Powerful batteries for renewable energy being developed at Nazarbayev University15 september 2014, 19:47
The School of Engineering at Nazarbayev University has been developing powerful batteries for renewable energy, Tengrinews reports citing Dr. Zhumabay Bakenov.
“We are working on batteries for different uses: for accumulator vehicle and electric appliances. But we mainly focus on batteries for renewable energy that required a system for storage of solar and wind energy," Dr. Bakenov said.
"There are lithium-sulfur batteries and lithium ion batteries. The first type of batteries has high energy density, meaning it works for a very long time. Theoretically speaking, it could work 10 times longer than any available batteries. Lithium ion batteries are safe and environmentally friendly. Those batteries do not contain heavy metals and aggressive solvents and will not combust,” Dr. Bakenov told the journalists at the sidelines of the 2nd International Scientific Research Seminar.
The seminar gathered researches from Japan, South Korea, Germany, Canada, Australia and Kazakhstan at the Nazarbayev University in Astana.
The lithium-sulfur batteries are being developed for the use in electric appliances, electric transportation and renewable energy. While the lithium ion batteries development is focused specifically on renewable energy for large storage systems, he said.
The lithium-ion battery is a rechargeable battery in which lithium ions move from the negative electrode to the positive electrode during discharge and back when charging. The electrolyte which allows for ionic movement, and the two electrodes are the consistent components of a lithium-ion cell.
The lithium-ion battery are common in consumer electronics. They are one of the most popular types of rechargeable batteries for portable electronics, with a high energy density, no memory effect, and only a slow loss of charge when not in use.
Lithium-ion batteries can be dangerous under some conditions and can pose a safety hazard since they contain, unlike other rechargeable batteries, a flammable electrolyte and are also kept pressurised.
Speaking about his invention on an earlier occasion Dr. Bakenov said that the cathode that was used in his battery was what drove the breakthrough. “It all comes down to the cathode,” he said, but added that there still was “a safety problem” that the team was dealing with.
The lithium–sulfur battery is a rechargeable battery, notable for its high energy density. Lithium–sulfur batteries may succeed lithium-ion cells because of their higher energy density and reduced cost from the use of sulfur. Currently the best Li-S batteries offer energy densities on the order of 500 W·h/kg, significantly better than most lithium-ion batteries which are in the 150 to 200 range. Li-S batteries with up to 1,500 charge and discharge cycles have already been demonstrated, but their are not commercially available.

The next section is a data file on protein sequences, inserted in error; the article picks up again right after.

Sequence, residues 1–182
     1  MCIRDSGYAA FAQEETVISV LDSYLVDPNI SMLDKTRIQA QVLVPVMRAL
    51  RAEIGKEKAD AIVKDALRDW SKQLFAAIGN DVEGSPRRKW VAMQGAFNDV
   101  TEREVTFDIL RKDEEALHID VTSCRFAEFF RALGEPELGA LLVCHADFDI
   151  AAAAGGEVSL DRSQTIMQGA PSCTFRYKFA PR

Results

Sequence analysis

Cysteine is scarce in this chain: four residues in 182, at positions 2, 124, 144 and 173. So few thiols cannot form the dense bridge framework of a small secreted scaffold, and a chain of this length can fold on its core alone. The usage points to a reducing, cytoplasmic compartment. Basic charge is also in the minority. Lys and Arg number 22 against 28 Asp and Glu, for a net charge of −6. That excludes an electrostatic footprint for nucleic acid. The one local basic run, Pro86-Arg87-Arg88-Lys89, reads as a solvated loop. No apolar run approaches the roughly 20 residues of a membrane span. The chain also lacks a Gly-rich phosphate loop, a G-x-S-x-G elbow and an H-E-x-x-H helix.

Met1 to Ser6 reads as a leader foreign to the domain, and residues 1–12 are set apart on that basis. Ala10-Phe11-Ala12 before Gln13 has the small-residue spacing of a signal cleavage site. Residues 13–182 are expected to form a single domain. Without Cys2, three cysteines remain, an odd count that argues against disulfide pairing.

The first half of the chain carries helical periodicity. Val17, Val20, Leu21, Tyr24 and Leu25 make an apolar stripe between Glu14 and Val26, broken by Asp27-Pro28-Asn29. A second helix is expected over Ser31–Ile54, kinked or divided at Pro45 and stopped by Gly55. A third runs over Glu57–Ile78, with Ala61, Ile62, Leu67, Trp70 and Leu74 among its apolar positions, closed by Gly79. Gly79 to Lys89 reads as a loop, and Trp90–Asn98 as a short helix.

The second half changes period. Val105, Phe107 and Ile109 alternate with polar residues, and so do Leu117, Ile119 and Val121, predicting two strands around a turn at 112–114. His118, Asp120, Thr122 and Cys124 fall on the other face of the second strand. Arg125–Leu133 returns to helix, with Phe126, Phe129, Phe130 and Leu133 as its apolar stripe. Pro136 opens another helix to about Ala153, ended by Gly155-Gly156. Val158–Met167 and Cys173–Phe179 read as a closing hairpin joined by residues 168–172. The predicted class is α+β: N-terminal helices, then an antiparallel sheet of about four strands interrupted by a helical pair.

The Professor explained that the new battery's capacity was 10 times that of the available batteries only in theory, but in practice the scientists were planning to release 5-times-longer-working batteries, which is also a huge step forward.
The NU scientists plan to present a prototype in two years. "We are planning to be ready with the first type battery in one year and with the second time battery in two years. We are not sure about serial production yet. But we have already received a license. So we will be considering either selling the license or transferring (rights) to our development,” he said.
The project is funded by Nazarbayev University, the World Bank and the Ministry of Education of Kazakhstan.
“Lithium ion batteries that we have in our phones laptops are expensive, toxic and dangerous. You probably remember the incident with Boeing 787 Dreamliner. (The flights were canceled because of a battery problem). It happened because they used organic electrolytes and they caught fire. And we are developing batteries that will not have this shortcoming, because inside there will be nothing to inflame,” Dr. Bakenov said.
Nazarbayev University hopes that once the batteries are ready they will be produced and marketed in Kazakhstan. “We are working with KazAtomProm and also discussing this project with Samruk-Energo. There are companies like Astana Solar and Taldykorgan-based battery plant Kainar AKB. We hope to use their technologies to test our batteries and subsequently used the batteries in their equipment,” Dr. Bakenov said.
At the seminar, Kazakhstani researches presented their projects to foreign colleagues. “Nazarbayev University has really good laboratories. We want others to realize that we are not an inexperienced bunch, but full-fledged partners. This also gives an opportunity to exchange experience and show results of our research,” the Professor concluded.
Before returning to his home Kazakhstan in 2011 Dr. Zhumabay Bakenov used to work on various research projects in Japan and Canada for almost 10 years.
Dr. Bakenov holds the 2010 Award of Ceramic Society of Japan for series of work on ceramics for energy storage application. He is a active member of the Electrochemical Society (ECS USA), the Electrochemical Society of Japan (ECS-J) and American Institute of Chemical Engineers (AIChE).
He is now working on advanced techniques for high energy density materials for renewable energy storage, development of advanced rechargeable batteries for energy storage for grid connection with renewable energy sources, development of innovative rechargeable aqueous lithium-ion battery for large scale energy storage, high energy density ecologically-friendly Batteries for grid connection of renewable sources and electric vehicles, and on novel collagen and hydroxyapatite scaffolds for the repair of age related bone and cartilage defects.
Reporting by Altynay Zhumzhumina, writing by Gyuzel Kamalova, editing by Tatyana Kuzmina